I recently read a piece put out byUpali Wickramasinghe, the Regional Advisor on Poverty Reduction and Food Security (CAPSA-ESCAP) in which it was articulated of the 925 million in this world who live with food insecurity every day, 528 million of them live in the Asia and Pacific regions. Think about that number it is over 50% of those who deal with hunger on a daily basis. That is 339 million more than sub-Sahara Africa. Take India as an example, the country with the largest number of food insecure within their population, a country with a total population of well over a billion people, they will have more than 51.9 million children who are underweight due to malnutrition. The food exists, it’s being planted, nurtured and harvested, we lack comprehensive distribution systems to get the food where it is needed the most.
And while we have a global food insecurity problem, exacerbated by the global economic crisis and highlighted by this report. I find it both surprising and sad, that we in the United States, also weathering a severe economic crisis continue to produce a prodigious of obese individuals within our population, when we should be the poster-child for the globe on nutrition and fitness. Yet, even with the staggering statistics re obesity in the United States, we continue to have more than 48 million individuals (out of our 300+ million population) who are food insecure. Here’s a great interactive map of food insecurity at the local level within the United States from Feeding America – Interactive Food Insecurity Map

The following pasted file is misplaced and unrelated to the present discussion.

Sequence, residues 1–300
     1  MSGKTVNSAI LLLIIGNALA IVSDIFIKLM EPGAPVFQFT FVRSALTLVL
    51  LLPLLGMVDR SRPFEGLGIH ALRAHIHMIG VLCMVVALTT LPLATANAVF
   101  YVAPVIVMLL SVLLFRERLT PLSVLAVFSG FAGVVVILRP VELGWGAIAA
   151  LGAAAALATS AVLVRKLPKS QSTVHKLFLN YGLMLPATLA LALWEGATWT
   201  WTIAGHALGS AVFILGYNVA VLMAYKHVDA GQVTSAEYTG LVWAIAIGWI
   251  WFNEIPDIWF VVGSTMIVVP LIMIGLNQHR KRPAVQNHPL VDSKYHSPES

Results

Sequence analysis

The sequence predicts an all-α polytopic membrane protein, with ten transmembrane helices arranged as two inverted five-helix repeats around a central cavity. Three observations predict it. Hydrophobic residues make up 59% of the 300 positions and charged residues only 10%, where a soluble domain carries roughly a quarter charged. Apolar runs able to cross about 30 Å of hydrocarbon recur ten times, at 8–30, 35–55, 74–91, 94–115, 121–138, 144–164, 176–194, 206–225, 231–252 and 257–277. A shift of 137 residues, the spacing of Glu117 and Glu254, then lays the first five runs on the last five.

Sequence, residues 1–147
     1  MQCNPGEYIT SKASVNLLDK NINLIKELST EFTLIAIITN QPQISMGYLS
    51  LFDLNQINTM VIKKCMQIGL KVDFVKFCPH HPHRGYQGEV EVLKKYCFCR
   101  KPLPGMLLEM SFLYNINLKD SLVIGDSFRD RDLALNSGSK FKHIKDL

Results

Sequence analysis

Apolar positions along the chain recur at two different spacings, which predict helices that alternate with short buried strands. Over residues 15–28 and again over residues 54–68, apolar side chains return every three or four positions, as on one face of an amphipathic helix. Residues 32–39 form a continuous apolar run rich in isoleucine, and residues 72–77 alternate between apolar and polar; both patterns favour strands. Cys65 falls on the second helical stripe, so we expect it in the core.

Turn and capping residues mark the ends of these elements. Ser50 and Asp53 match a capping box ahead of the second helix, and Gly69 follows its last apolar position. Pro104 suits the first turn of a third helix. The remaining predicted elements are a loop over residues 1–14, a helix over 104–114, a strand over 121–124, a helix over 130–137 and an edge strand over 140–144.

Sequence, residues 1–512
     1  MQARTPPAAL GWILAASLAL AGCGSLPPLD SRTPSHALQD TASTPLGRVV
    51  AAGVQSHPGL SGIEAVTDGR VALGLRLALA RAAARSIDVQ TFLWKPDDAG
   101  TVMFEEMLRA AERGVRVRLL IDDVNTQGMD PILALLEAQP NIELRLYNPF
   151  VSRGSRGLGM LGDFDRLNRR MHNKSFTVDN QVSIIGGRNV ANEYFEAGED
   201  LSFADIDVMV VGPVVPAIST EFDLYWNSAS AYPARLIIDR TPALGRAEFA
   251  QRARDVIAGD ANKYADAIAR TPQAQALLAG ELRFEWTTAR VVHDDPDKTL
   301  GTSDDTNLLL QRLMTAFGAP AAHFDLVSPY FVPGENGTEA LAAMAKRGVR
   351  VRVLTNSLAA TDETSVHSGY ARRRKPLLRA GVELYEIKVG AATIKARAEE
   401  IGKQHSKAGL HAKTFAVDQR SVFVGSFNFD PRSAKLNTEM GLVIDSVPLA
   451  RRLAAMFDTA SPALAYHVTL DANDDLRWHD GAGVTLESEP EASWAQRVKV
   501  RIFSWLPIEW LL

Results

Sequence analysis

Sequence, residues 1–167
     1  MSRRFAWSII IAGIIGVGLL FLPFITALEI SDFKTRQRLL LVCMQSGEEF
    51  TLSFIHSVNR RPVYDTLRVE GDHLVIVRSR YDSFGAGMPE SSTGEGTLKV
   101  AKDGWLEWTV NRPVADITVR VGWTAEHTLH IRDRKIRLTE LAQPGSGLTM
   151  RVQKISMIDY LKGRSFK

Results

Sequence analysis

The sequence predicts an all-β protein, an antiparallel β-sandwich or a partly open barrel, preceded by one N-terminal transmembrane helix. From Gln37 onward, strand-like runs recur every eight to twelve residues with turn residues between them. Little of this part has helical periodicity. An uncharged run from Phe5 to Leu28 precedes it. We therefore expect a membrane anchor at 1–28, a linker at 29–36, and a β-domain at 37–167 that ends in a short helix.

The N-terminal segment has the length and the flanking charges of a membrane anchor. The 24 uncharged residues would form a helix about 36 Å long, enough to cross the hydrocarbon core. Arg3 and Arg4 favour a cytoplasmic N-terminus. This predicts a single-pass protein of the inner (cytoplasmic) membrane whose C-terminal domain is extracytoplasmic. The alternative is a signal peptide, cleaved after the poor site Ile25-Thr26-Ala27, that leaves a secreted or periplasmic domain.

Thought I am quite able to rant, rave, and shout on what we need to do to fix this problem, until we WANT to solve it, we won’t solve it. In the interim, within the United State our best bet right now is to create jobs, support the local food banks and national organizations addressing the food insecure.
Globally, we can invest in one and other, support organizations which are trying to promote more streamlined logistics and supply chains to get food from where it is produced to where it is needed.
Food insecurity makes all insecure, we need to address this today.
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